Monday, March 24, 2008

The Problem with Bailing out the Finance Sector

Moral hazard means that certain policies merely encourage more bad economic decisions.

A simple example is insurance. If our bike is ensured for the full amount, we have less incentive to look after it. Therefore, when we get insurance there is a greater chance it will get stolen. This is why insurance firms do not insure for full amount but make us pay the first £50 or £100.

Many, including Chairman of the Bank of England, Mervyn King, have argued the Fed's decision to cut interest rates will cause moral hazard in the US finance sector.

Why Cutting interest Rates could cause The Same Problems to Reoccur.

1. US finance companies made a lot of very poor decisions to lend to borrowers who were likely to default. These bad loans were made to people with poor credit histories or low incomes.

2. Because the banks made many poor decisions they suffered the consequence of record loan defaults. Banks and mortgage companies need to take responsibility for their poor decisions and lack of self regulation.

3. The loan defaults caused problems throughout the banking sector. The magnitude of loan defaults caused a freezing of money markets because the finance sector has swung to the other extreme and no longer wants to lend to anyone.

4. This credit crunch has caused a fall in stock markets and has endangered the future of the US economy.

5. To Avoid recession and restore confidence in the finance markets, the Fed have aggressively cut interest rates from 4.25% to 2.25% in a matter of months.

6. This is the main problem. The Banks have created a crisis and the authorities respond by trying to mitigate their bad decisions. Because Bear Sterns has been rescued, because interest rates have been drastically cut, the finance sector hopes to avoid the consequences of their previous bad decisions.

7. However, the problem is that if the authorities prevent the negative consequences of poor lending the finance sector may feel that it will be fine to do it in the future. Basically, if they make poor lending decisions it doesn't matter because the Monetary authorities have promised to bail out the finance sector. If poor lending decisions are punished then in the future, banks have a clear incentive to avoid making inappropriate loans.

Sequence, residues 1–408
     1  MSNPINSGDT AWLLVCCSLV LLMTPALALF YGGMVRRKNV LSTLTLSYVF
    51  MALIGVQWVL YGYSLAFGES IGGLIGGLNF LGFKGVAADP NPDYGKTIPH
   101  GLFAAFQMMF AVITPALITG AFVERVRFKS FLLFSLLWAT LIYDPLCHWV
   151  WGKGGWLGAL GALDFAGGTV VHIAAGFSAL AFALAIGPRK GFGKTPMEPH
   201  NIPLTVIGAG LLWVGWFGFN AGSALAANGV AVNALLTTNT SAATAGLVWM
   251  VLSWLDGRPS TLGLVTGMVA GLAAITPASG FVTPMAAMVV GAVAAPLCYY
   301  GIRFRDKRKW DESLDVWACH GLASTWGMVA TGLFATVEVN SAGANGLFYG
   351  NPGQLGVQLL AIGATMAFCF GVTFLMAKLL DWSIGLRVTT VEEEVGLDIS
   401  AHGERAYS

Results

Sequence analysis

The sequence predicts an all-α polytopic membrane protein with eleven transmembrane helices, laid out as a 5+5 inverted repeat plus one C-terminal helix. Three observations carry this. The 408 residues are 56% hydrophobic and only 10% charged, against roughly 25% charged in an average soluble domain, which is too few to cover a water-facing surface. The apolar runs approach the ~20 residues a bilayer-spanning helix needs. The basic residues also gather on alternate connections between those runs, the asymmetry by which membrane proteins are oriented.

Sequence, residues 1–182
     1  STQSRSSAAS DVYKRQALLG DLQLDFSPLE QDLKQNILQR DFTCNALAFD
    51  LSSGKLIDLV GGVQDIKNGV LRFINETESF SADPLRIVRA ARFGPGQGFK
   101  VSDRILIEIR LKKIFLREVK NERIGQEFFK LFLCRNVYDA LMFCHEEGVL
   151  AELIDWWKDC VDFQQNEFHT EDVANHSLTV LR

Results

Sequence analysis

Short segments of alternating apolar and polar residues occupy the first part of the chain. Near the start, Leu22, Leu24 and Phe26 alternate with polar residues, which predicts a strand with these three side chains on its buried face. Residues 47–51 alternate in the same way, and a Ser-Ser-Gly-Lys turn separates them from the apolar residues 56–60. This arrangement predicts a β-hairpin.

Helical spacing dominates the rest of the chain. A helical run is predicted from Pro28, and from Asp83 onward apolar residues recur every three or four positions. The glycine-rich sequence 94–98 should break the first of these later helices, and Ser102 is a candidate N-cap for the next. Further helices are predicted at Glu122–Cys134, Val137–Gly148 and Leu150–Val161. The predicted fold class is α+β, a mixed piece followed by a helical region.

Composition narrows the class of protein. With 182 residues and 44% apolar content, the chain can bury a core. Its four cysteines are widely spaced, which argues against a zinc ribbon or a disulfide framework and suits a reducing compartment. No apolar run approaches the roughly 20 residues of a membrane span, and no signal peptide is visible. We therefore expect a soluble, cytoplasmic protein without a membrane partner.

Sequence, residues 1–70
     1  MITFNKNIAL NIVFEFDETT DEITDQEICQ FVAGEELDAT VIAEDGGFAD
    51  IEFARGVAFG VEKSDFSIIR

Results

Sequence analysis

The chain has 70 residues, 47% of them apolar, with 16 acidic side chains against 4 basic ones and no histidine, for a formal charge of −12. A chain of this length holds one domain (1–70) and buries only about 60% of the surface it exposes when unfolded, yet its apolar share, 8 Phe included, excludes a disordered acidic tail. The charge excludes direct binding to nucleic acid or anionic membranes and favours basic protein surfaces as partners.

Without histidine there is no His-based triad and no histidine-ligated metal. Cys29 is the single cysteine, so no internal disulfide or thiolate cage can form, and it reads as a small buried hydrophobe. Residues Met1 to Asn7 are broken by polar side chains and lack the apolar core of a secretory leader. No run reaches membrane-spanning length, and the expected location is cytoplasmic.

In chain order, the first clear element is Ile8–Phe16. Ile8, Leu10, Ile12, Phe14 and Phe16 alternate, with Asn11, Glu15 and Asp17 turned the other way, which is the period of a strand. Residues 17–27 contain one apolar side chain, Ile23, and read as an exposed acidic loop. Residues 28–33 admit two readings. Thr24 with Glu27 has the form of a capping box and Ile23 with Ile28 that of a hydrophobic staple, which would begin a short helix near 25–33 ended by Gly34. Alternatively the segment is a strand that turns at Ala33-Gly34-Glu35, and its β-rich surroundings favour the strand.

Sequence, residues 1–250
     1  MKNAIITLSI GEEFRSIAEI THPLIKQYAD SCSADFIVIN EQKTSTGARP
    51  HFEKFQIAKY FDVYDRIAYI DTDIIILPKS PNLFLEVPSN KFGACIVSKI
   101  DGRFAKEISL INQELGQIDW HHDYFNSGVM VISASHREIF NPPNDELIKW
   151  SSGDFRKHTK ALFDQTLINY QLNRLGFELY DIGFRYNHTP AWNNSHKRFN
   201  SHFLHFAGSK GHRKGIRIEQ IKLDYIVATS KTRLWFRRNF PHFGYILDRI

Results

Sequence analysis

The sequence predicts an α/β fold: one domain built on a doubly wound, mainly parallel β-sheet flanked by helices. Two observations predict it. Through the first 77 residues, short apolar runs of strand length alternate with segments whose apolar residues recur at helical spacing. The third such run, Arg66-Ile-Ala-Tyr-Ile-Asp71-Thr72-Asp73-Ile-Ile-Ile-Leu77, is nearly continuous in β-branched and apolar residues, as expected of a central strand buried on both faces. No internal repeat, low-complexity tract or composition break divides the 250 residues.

8. The interest rate cuts which occured in the past months, maybe good from a short term perspective, but, in the long term it may merely create a future financial crisis

The Only Thing We Learn is that We learn Nothing.

Remember the dot com bubble? Financial investors got carried away speculating on dot com shares. The effect was that prices became divorced from reality before a spectacular crash.

This crash threatened a short term downturn, so the Fed aggressively cut interest rates to 1% to avoid a serious recession.

However, this rate cut to 1% created moral hazard. The finance sector was bailed out. - Create a bubble and it doesn't really matter because the monetary authorities will try and bail us out. In 2001 and 2002, these exceptionally low interest rates helped to create another bubble. This time in the housing market. Again this bubble burst in 2006 and now we see the monetary authorities responding by trying to mitigate the short term effects.

To be fair the Fed are between a Rock and a whirlpool. If they keep interest rates high a deep recession is inevitable. Cut interest rates and they risk causing moral hazard and a future bubble. It is easy to criticise the decision to rescue Bear Sterns and cut in interest rates. However, it would also be easy to criticise a decision not to rescue Bear Sterns and keep interest rates high. The Fed certainly face a difficult dilemma; unfortunately it is of their own making. In particular the decision to keep interest rates for so long during the early 2000s means they are now having to deal with the consequence of boom and bust

1 comment:

Carole G. said...

Some smart (not to mention common sense)ideas that the Fed could use!